Yamaha Trademarks “R1S” & “R1M” at USPTO – “YZF-R1M” Trademarked Abroad – But Why?

Are new Yamaha YZF-R1 models coming down the pipe? That’s the question being asked after trademark filings in the US and abroad tipped off Yamaha Motor’s intention to use “R1S”, “R1M”, and “YZF-R1M” for motorcycle, scooter, and three-wheeled purposes. The filings are being taken as hints towards a possible multiple trim levels of the Yamaha YZF-R1 superbike, with the “S” and “M” designations being different spec machines than the current base model. The “S” nomenclature is a popular one in the two and four-wheeled world, though “M” would certainly be a novel designation, outside of say…BMW.

Bell & COTA Create Texas-Themed Limited-Edition Helmet

Continuing its theme of making limited-edition helmets for premier-class US rounds, Bell Helmets has teamed up with the Circuit of the Americas and Chris Wood, of Airtrix, to create a Texas-themed Bell Star Carbon helmet, just in time for COTA’s MotoGP race next weekend. Available only until April 13th, the Bell/COTA helmet features a red, white, and blue flag motif on the front, with both the American and State of Texas flags visible, which then wrap around the rear to merge with a hardwood design, reminiscent of the floorboards in a Western saloon. The helmet is also crowned with a Longhorn cattle skull, which adds to the Texan motif. The specially designed helmet also features a horseshoe, the COTA logo, and the 2014 Red Bull MotoGP of The Americas logo.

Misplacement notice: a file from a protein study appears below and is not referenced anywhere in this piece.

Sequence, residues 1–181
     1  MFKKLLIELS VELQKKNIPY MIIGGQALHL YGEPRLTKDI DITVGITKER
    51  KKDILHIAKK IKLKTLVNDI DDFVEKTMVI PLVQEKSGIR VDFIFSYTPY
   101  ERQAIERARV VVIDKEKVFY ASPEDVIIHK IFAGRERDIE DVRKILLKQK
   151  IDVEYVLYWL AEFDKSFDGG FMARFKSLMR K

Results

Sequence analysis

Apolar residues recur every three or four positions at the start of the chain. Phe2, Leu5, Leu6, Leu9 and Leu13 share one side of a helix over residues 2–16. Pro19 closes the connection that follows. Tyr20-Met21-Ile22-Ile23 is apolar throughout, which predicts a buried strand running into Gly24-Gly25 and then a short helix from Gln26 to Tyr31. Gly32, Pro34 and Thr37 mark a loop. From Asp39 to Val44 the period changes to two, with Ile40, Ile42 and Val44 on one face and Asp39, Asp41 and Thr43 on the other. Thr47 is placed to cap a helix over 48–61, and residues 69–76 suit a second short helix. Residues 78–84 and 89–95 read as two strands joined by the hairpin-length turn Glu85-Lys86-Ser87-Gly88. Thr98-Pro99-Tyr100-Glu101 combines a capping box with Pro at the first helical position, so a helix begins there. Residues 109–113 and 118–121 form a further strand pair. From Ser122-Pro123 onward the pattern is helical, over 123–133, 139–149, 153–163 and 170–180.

Aprilia Mounting a Return to MotoGP in 2016

Towards the end of the 800cc era, MotoGP looked to be in dire condition. Grids were dwindling, factories were reducing their participation, and teams were in difficult financial straits indeed. By the end of 2011, there were just 17 full time entries, Suzuki was down to a single rider, and were about to pull out entirely for 2012. How different the situation looks today. In a recent interview with the official MotoGP.com website, Aprilia Corse’s new boss Romano Albesiano gave a brief outline of their plans. The Italian factory will continue to work with the IODA Racing team for 2014 to collect data on the electronics and tires, which they will use as input on an entirely new project being worked on for 2016.